Woman born with facial deformity gets married in Anambra State (LOVE WINS)


spellbound….

CHOMSKYWEB

I tell you if ladies put more effort in their character than in their looks. There will be better women. Beauty is not just exterior but mainly the inward man. You can be a slay queen. Have all the filtered photos online. Put it on every social media handle. At the end, the man will be more concern about the “inward beauty” rather than your beautiful face

Congrat to the couples. Godbless them

READ  MORE; SO SWEET | Love Is A Beautiful Something

View original post

Advertisements

The sin of being me: addendum


something that made me think

The Shaming Room : Pieces of me

11 Because they rebelled against the words of God,
and despised the counsel of the Most High,
12 Therefore He brought down their heart with labor;
They fell down, and there was none to help.
13 Then they cried out to the Lord in their trouble, And He saved them out of their distresses.
14 He brought them out of darkness and the shadow of death,
And broke their chains in pieces.
20 He sent His word and healed them, And delivered them from their destruction.

Ps 107:11-14

I have outgrown many addictions and I am still suffering from a few, a few that had never really concerned me, so much as to pray for it (more on that later). I have also realized that my depression has always been directly proportional to the things I was addicted to. In short, the more the number of addictions I was on…

View original post 390 more words

The sin of being me


The Shaming Room : Pieces of me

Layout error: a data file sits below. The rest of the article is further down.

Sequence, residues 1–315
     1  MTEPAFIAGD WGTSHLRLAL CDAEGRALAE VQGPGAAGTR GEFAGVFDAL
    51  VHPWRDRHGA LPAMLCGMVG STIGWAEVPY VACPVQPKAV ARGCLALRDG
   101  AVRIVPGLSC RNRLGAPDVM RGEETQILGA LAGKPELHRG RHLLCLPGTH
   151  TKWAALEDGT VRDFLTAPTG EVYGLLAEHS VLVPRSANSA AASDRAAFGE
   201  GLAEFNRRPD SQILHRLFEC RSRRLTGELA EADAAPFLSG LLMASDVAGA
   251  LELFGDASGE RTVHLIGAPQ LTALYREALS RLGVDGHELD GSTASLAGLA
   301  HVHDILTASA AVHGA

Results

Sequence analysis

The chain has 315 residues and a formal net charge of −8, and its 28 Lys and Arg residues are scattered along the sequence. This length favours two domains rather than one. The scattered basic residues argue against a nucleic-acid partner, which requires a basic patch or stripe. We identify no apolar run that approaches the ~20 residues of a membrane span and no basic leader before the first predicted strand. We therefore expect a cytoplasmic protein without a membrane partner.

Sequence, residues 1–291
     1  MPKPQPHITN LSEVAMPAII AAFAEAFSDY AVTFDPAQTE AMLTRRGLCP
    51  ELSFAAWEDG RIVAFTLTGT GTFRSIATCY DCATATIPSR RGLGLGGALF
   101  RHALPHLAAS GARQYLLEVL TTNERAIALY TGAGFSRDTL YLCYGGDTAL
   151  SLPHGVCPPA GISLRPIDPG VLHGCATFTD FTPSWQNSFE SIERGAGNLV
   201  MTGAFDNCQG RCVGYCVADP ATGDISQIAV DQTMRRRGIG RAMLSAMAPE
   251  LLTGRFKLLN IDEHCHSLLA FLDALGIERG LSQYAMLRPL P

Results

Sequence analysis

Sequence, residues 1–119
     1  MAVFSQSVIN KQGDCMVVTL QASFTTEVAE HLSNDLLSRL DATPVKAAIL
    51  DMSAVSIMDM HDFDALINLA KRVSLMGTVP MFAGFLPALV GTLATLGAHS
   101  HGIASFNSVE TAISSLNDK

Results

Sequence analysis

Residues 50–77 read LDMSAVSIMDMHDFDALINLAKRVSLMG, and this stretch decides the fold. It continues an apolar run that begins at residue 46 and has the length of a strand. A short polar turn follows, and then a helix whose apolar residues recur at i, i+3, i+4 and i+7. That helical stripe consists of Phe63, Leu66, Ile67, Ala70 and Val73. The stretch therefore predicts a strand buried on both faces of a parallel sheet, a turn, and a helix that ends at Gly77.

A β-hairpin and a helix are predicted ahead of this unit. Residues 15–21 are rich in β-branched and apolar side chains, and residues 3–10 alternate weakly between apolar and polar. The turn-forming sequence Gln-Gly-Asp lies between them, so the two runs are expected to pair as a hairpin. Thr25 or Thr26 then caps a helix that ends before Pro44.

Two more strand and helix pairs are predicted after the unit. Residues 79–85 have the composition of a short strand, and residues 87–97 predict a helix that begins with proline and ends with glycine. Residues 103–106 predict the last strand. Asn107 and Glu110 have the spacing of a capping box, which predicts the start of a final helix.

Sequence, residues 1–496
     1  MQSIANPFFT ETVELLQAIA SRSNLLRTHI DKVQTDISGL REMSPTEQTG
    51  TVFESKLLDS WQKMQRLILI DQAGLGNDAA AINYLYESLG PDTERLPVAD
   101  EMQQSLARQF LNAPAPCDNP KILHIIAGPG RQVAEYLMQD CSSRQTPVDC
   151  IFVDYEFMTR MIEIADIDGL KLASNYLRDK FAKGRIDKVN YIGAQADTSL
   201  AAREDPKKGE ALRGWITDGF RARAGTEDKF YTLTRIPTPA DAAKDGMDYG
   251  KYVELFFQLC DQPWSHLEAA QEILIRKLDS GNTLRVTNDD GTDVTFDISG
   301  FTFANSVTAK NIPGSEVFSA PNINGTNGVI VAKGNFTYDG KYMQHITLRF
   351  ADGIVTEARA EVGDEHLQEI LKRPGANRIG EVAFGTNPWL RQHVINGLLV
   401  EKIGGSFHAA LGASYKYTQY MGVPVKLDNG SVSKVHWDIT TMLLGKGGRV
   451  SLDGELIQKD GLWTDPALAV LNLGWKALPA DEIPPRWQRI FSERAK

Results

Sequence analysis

Recently I happened to be listening to a YouTube video on C.S Lewis

To be honest, it was a little too dense for me. but one thing really caught my attention was the relativity of our sins. Jesus says “Blessed are the poor in spirit, for theirs is the kingdom of heaven” (Matthew 5:3). According to Lewis, some of us find it easier to live the christian life more than the others.

Just as people can be born rich or deaf (Obviously, these are not comparable), some people can be born with a higher disposition to sin than others. GOD sees our struggle and he certainly acknowledges our spiritual condition.

I have always struggled with my sins, but I have focused so much on my sin, because that is how the enemy attacks you. He wants you to focus on your failure,  and he will whisper to you constantly…

View original post 421 more words

All at Once


The only difference between the saint and the sinner is that every saint has a past and every sinner has a future: Oscar-wilde

The only difference between the saint and the sinner is that every saint has a past and every sinner has a future: Oscar-wilde

Behold what manner of love the Father has bestowed on us, that we should be called children of God!
1 John 3:1a

Isaac Newton worked on it in the seventeenth century, then Albert Einstein wrote about it in the early twentieth century: time. Generally, time has three dimensions: past, present, and future. Right now you are in the present. But a few seconds from now, this moment will be in the past. There is a seamless transition at work in our lives as the present retreats to the past and gives way to the future. God exists outside of time; past, present, and future are one to Him. God sees our redemption (past), sanctification (present), and glorification (future) at the same “time.”